The nights are chilly, the bees are still flying and gathering nectar, but definitely slowing down. After some travel this fall, I did a tour of my property to see what is still blooming and available for my bees in mid to late September. I don’t want to have to feed the bees their sugar water, but want to make sure there are enough bloomers out there for them to gather nectar from. Sugar water is a supplemental feeding for bees when the nectar sources are scarce. After taking a census of what was blooming, I am satisfied that there is enough “flower power” for the bees to coast into the winter.
Dahlias are the clear winners in the “bang for your buck” department for blooms. Spend a few dollars for a fleshy root or tuber in the spring and you are set for blooms August through October. And these are “big” bloomers! This pink dahlia measured 8-9 inches across and will bloom for weeks.
Flowers attract the insects with nectar. Nectar is the all-important food, rich in carbohydrate, that is the insect’s reward for visiting the flower. Pollen transfer is what the insect gives back which perpetuates the flower species. Insects seem to be attracted to purple, pinks, blues and pinks. Also, the simpler the flower, the more accessible the nectar is to the bee.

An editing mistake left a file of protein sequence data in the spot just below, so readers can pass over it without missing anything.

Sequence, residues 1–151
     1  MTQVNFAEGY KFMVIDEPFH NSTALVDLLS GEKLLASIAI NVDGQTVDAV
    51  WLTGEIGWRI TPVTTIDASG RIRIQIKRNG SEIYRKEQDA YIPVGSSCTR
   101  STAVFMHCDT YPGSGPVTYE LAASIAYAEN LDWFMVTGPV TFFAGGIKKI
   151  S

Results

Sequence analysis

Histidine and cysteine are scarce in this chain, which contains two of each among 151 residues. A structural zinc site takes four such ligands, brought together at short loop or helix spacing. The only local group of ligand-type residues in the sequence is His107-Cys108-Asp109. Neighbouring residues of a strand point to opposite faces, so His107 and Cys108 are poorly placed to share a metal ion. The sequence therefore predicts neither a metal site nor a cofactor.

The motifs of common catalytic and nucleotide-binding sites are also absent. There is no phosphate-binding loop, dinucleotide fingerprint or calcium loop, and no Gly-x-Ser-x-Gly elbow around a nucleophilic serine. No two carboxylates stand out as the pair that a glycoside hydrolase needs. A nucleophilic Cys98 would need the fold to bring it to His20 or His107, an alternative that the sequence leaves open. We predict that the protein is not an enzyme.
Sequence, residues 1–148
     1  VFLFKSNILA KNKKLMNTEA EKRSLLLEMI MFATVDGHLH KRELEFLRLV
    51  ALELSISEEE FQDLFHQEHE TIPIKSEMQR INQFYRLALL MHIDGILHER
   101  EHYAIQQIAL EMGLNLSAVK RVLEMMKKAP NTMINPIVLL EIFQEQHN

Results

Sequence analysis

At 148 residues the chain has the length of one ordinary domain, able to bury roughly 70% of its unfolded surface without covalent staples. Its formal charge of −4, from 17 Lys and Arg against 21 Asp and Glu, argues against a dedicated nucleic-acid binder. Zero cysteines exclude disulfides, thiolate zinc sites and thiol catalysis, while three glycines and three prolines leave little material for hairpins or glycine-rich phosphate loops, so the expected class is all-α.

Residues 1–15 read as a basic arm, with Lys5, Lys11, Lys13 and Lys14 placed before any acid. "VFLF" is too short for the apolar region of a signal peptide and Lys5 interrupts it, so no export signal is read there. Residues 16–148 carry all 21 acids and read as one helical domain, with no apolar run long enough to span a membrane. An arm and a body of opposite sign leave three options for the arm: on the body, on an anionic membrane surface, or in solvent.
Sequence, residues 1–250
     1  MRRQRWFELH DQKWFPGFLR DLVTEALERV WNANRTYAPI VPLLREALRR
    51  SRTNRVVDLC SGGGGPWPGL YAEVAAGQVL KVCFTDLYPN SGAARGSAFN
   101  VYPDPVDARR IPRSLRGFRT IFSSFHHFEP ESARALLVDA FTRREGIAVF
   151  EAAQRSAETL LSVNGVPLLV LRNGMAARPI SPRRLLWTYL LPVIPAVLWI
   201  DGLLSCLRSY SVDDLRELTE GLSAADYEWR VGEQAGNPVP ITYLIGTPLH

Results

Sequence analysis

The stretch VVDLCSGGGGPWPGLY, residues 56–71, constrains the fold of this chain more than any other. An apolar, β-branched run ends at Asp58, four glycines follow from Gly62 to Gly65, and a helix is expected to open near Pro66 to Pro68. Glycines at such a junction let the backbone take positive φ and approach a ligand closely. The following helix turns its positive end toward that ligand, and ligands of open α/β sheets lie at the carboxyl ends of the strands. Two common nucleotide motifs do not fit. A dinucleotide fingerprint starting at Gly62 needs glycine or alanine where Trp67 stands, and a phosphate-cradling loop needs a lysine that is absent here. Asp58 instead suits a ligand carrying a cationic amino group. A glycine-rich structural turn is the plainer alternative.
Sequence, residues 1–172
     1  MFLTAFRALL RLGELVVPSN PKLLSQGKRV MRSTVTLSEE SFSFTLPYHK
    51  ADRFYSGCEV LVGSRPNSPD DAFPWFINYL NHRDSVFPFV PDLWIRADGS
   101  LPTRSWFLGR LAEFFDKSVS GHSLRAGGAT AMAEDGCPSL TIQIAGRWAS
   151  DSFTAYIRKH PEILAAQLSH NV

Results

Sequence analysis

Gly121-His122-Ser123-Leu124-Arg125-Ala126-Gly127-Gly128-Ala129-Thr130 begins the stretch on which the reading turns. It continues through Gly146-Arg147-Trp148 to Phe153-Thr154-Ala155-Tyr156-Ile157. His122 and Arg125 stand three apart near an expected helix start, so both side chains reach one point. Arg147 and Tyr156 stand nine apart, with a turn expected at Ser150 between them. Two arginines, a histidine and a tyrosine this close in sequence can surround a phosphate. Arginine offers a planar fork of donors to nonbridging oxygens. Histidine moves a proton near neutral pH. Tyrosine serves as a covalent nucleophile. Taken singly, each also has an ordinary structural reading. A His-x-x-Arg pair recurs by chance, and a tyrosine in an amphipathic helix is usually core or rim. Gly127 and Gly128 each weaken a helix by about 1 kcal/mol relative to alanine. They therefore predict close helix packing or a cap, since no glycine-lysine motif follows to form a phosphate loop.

This beautiful blue annual is so easy to start from seed that I am sure to have it gracing my flower beds every year. ‘Blue Horizon’ is the more unusual tall variety of Ageratum, about 18″ tall as opposed to the squatty, gnome-like shorter variety which tops off at 6″. ‘Blue Horizon’ is a graceful mingler that plays well with others. You can spot this Ageratum throughout the garden to add splashes of pastel blue accents to your perennial mix for months-long color. A great cut flower, I like to use it in arrangements as a contrast to the oranges, reds, and yellows of fall.